What Kind of Conservative are you?

This discussion has been brewing for decades, and I certainly do not believe it is going to be settled any time soon. The discussion of what it means to be a “true conservative” is hard to avoid. On a daily basis, media pundits, political strategists, and op-ed columnists pontificate about how” big of a tent” the once-conservative Republican party ought to have. In my own circles I hear very valid questions being asked as to whether or not a “true conservative” can be pro-choice, or can oppose the war in Iraq, or can say a good thing about George W. Bush, etc. On one hand, the Libertarian-leaning folks have decided that “true conservatism” means fiscal prudence, deregulation, and military isolationism. The moderates and centrists have decided that “big government conservatism” is not an oxymoron, and spend the bulk of their time pushing the right to the middle, where they believe they will have a better chance of winning elections. The discussion is intellectually stimulating, yet exhausting on a practical level. I want to answer the question as to what kind of conservative I am.

I am a “National Review kind of conservative”, which is another way of saying that I am a real conservative. I do not believe conservatism exists outside the ideological tenets of conserving the principles of limited government and personal responsibility. I do not believe there is such a thing as “dovish conservatism” – the kind that took lightly the Communist threat of the cold war, or the Islamic threat of the 21st century. I do not believe there is such a thing as “big government conservatism” (ala David Brooks and David Gergen). Conservatives believe in the dignity of the individual, the depravity of human nature, and the need for checks and balances on power. A conservative believes passionately in the need for fiscal restraint, the capability of the free market, and the moral imperative that an incentive system and price system be allowed to flourish. I am a conservative who sees the “life, liberty, and pursuit of happiness” portion of the Declaration of Independence as non-negotiable.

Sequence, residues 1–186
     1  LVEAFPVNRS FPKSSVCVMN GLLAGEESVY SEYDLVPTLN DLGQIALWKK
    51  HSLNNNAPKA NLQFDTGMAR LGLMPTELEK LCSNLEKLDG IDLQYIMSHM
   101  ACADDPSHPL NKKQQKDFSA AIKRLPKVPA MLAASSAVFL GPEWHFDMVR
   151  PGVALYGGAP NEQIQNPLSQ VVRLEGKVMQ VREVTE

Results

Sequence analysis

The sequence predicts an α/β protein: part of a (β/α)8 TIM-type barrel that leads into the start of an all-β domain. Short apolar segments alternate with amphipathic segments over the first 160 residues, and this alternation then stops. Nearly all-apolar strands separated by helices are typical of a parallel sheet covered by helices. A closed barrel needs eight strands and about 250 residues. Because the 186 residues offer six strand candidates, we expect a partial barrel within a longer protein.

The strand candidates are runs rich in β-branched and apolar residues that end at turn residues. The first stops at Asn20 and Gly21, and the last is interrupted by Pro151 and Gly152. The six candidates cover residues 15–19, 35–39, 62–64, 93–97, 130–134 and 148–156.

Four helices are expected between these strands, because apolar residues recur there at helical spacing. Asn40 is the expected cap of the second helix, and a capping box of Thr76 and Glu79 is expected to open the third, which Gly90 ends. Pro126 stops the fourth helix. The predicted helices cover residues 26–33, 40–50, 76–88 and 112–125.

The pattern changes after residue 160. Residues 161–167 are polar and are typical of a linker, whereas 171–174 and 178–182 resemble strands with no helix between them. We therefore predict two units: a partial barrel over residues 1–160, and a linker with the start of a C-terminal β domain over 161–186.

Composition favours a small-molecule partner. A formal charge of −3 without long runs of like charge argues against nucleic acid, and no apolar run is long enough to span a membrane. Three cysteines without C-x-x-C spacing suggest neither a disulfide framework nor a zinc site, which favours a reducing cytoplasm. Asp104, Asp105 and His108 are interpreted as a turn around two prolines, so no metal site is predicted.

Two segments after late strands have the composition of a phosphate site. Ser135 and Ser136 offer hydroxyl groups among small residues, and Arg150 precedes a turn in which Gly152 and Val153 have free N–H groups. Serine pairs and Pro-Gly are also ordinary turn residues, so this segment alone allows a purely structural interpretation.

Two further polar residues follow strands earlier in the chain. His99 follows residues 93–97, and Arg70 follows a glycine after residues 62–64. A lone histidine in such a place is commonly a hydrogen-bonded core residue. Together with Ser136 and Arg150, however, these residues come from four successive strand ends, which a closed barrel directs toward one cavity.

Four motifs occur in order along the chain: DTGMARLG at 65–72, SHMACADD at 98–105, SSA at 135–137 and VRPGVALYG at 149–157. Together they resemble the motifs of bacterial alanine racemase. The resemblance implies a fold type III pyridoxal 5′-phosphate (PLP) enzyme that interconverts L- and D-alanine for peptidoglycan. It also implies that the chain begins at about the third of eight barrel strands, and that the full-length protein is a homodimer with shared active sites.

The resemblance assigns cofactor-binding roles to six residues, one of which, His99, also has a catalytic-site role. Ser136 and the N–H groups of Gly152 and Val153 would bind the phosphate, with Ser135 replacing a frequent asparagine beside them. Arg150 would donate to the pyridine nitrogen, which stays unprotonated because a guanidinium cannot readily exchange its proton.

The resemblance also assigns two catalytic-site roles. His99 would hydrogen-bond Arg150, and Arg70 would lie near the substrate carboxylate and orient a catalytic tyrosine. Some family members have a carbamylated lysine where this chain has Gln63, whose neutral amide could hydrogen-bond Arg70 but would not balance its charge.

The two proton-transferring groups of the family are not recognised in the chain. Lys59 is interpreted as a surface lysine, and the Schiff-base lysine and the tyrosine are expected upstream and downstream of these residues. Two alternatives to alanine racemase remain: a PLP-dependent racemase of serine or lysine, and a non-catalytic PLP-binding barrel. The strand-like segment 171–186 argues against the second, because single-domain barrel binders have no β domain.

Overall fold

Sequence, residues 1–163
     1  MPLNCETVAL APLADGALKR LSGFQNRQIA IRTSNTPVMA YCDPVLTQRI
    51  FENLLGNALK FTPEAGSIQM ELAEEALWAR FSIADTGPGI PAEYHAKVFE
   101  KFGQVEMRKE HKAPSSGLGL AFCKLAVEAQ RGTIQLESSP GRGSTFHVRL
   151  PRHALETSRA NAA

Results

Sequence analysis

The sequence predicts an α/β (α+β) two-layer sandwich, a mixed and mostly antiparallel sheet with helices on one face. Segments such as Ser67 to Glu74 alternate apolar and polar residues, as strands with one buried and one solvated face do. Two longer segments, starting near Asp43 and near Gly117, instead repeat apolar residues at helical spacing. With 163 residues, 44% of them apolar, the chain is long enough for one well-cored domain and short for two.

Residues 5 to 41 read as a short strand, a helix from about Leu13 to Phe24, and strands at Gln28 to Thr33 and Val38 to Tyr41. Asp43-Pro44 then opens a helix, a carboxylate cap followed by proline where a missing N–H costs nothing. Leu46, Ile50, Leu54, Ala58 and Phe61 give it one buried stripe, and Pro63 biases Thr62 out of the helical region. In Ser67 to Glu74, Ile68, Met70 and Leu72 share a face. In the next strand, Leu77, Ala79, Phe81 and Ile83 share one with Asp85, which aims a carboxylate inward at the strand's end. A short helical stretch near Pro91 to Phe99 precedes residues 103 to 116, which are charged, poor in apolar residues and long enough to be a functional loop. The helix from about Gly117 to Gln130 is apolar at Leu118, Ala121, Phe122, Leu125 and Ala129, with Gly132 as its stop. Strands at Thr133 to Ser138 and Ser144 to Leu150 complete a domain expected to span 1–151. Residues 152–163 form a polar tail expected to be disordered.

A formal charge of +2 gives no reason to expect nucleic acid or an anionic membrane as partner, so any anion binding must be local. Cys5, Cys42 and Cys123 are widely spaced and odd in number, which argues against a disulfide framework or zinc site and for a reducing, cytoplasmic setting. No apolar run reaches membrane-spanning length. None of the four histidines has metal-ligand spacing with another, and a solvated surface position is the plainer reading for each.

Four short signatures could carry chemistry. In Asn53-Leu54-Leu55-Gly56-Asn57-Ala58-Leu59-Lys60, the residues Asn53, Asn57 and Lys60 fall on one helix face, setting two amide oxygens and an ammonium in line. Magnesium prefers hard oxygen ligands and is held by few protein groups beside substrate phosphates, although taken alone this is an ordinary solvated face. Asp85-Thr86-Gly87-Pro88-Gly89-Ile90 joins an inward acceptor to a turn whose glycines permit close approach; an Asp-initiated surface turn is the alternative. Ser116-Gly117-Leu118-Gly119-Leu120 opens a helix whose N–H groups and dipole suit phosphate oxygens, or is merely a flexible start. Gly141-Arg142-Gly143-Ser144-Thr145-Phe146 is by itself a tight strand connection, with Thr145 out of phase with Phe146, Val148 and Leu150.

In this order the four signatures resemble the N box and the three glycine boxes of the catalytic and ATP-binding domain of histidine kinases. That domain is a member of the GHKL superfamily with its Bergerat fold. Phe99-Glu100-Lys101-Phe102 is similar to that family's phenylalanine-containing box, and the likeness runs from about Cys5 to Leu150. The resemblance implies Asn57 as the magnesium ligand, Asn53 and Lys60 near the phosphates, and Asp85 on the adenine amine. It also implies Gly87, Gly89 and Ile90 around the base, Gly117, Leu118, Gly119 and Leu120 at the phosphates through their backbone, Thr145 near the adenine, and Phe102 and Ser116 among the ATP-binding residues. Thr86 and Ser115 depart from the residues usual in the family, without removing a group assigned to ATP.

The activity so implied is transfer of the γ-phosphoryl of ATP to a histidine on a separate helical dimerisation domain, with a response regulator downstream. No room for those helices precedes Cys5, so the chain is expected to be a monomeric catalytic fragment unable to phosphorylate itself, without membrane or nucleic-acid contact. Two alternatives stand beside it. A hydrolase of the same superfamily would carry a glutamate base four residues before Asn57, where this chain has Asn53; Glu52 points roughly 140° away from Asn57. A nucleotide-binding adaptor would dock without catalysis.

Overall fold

I have always been fond of Reagan’s triad model of conservatism, wherein the stool is held up by the three legs of values, national defense, and free markets. Bill Buckley is the leading intellectual voice in this three-pronged ideology of the last fifty years. I accept wholeheartedly that there are people who sit on a one-legged stool, and others that sit on a two-legged stool. I do hope they will vote for the right people, and I do hope that they will join us conservatives in the crucial causes of our day. But they are not conservatives. A conservative sits on a stable stool, and it has three legs to it. There is no reason to assert that the need for standards of orthodoxy disallows discussion on controversial issues. Reasonable men can sometimes disagree on non-essential issues. The legalization of drugs (which I support), the war in Iraq (which I support), gay marriage (which I do not support), a legal and accommodative immigration policy (which I support) are all excellent examples of major issues in which genuine conservatives will often disagree. Bill Buckley and Ronald Reagan famously argued over the United States relationship to the Panama Canal in the late 1970’s. But theirs was a dispute of application, not principle.

I suggest to my “center-right” friends, and to my fellow conservative ideologues, that what is needed today in this discussion is a sort of “political orthodoxy”, wherein the essential elements of our political philosophy are not challenged or threatened. The American Revolution was, above all else, a war over ideas. Those ideas are the ones that conservatives ought to be fighting for today. The leaders and spokesmen of our cause need to pass the basic standards of orthodoxy that define the idea that all men are created equal, and endowed with certain inalienable rights. They ought to presuppose a basic distrust of government, at least in its track record of efficiency, if not its very predetermined tendency to abuse power and tyrannize people. Conservatives ought to conserve civility, and yet fight vigilantly for the principles we believe in. Those principles are not up for debate.

Now let the other debating continue.